Carlos Beltran is wearing black and orange, like he was shorn of blue in a Citi Field makeover. It looks weird. It will for a couple of days, and then it won’t much matter. By then, I presumably won’t be listening to Giants-Phillies games just because Beltran’s a part of them.
The post-Beltran Mets can help by doing their part, as they did yesterday and again today, completing a four-game sweep of the Reds in their Grating American Ballpark. I love the view of the river, and the park looks nice in general, but I can’t get past that tower/restaurant/batter’s eye thing in center field. I get that it’s supposed to remind me of a riverboat, but sitting there marooned behind the center-field fence it reminds me of a riverboat that was dropped out of a cargo plane, and moving it was such a pain in the ass that ballpark engineers just shored it up, propped up the smokestacks vaguely nearby and skedaddled. Plus the out-of-town scoreboard blurbs look like 20-foot Chiclets — I don’t think the out marker needs to be bigger than the left fielder’s head. Now that I’m a little more used to new ballparks, it occurs to me that most of their flaws are a product of trying too hard.
Anyway, the Mets had never swept the Reds in four on the road — nada, zip, zilch, not once. Today wasn’t exactly easy — they escaped with a 10-9 win, and the game seemed a lot closer than that, like the final score was Mets 10, Reds 9.9992. The ball was flying, as evidenced by an excuse-me home run from the very strong Joey Votto and a no-excuses-needed blast from
Popeye Miguel Cairo, as well as repeated drives up the gap and down the lines by a happily long list of Mets, led by Lucas Duda and Jason Bay. The heat helped lift balls — by the middle innings the ballpark was a red sea of empty seats, with the crowd having largely departed to huddle in front of misters in the concourse. For which I blamed them not at all — the sight of a sweat-soaked, armored John Hirschbeck behind the plate was frankly a little scary.
Greg and I were together for this one, in a unique setting — we took it in from the couch of the MLB Fan Cave in lower Manhattan, in the old Tower Records space. (When I realized the connection, I tried to think of a CD I’d bought where I was now sitting, except I remembered it was Tower Records and everything cost $17.98, which is why a] I never bought anything; b] Tower Records doesn’t exist anymore; and c] CDs basically don’t exist anymore.) The Fan Cave is continuously inhabited by two bloggers — Orioles fan Ryan Wagner and Yankees fan Mike O’Hara — who have a bank of 15 HDTVs at their disposal, as well as lots of computers. Besides the occasional dorky Mets blogger, their visitors include rock stars and baseball players (today brought the frontman of the Dropkick Murphys and the guy from Megadeth), there are pool and air-hockey tables, and there’s a club in the basement for events. The Fan Cave is only lacking a secret stairwell to a submarine base to make every part of your Y chromosome (and a few Xs I know) thrum with happiness. I asked Wagner how he kept track of all those games at once (I had whiplash with just Mets-Reds and Nats-Marlins on), and he responded with a pretty great simile: It’s like driving, he said. The three big TVs in the middle are the windshield, the smaller ones above are the rearview mirror, the smaller ones below are the dash, and you’re constantly scanning. (Wagner and O’Hara both seem to have eyes in the back of their head, keeping pretty good track of several games at once while multitasking across the room.)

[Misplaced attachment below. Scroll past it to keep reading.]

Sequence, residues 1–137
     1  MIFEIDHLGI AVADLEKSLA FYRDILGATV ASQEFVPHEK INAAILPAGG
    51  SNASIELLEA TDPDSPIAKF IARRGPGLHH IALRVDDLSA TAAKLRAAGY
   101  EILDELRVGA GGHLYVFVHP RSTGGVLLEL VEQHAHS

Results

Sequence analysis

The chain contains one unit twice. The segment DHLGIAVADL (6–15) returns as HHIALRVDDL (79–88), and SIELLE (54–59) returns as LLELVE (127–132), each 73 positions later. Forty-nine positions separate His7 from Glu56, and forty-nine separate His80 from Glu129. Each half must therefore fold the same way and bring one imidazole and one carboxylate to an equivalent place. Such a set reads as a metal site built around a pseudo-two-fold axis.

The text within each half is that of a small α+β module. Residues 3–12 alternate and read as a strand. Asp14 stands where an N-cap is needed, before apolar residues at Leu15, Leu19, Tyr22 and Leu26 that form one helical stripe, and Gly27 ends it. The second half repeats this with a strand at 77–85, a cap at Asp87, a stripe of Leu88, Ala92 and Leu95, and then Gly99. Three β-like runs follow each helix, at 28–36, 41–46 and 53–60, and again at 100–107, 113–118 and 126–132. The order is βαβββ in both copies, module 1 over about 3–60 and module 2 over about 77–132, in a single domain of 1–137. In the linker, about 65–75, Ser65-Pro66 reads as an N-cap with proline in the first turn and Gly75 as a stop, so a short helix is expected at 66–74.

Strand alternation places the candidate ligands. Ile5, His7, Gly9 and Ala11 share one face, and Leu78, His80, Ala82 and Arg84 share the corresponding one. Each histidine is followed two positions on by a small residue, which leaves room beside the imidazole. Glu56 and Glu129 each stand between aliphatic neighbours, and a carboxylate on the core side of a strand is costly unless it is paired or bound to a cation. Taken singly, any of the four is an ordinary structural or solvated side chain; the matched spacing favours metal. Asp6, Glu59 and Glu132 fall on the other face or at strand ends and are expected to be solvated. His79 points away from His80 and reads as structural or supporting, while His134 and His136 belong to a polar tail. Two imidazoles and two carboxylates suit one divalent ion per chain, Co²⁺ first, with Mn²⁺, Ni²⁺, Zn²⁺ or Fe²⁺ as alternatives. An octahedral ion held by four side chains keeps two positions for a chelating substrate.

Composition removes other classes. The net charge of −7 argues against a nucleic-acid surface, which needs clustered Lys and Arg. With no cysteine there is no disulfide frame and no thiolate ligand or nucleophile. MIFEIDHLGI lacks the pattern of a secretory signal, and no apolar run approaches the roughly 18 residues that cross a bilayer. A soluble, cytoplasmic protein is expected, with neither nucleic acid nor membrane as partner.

The principals were pretty busy, so Greg and I took in the Mets from their couch, talking baseball with each other and a pal from MLB and everyone who crossed our paths. Aside from the terror of watching the Mets try to blow a fairly big lead, it was enormous fun — thanks to our hosts for letting us put our feet up in their temple of baseball for a few hours. Plus I got a ball from a dispenser outside for checking in to Showtime’s Giants documentary on Foursquare. Try it — it really does work.
Greg got very quiet as Manny Acosta did what Manny Acosta generally does, but order was restored, and a ninth-inning wild pitch gave the Mets a crucial cushion for Jason Isringhausen. For my part, I was only theoretically worried, which is what happens when your team can do no wrong. Since that never lasts, my philosophy is to not question it and allow yourself momentary smugness.
But back to Izzy. It’ll be strange and faintly worrisome if he’s back next year, but for now I’m thrilled to have him as closer and team mentor. Izzy has become the Mets’ Elvis: Those of us who are old enough remember Skinny Izzy, all aglow with the fires of youth and potential, even as we cheer for Fat Izzy, who has become wide but also wise. (He’s not that wide, actually — just trying to tie in with Elvis. Anyway, it’s not like you’d confuse the 1995 me with the 2011 me.) Perhaps the Mets should have an Izzy postage stamp night, with fans randomly getting the ’95 stamp on which our young badass wears his Mets cap and a strip club’s softball uniform or the ’11 Izzy stamp in which the veteran shrugs and smiles slightly, well aware of the fickleness of fate and pitcher’s body parts, and how enduring everything that happens with them will eventually teach even the most resistant student a lesson or two. Today, those lessons were enough — tomorrow, no one can say. Skinny Izzy would never have understood that; Fat Izzy learned it long ago. Baseball will do that to you.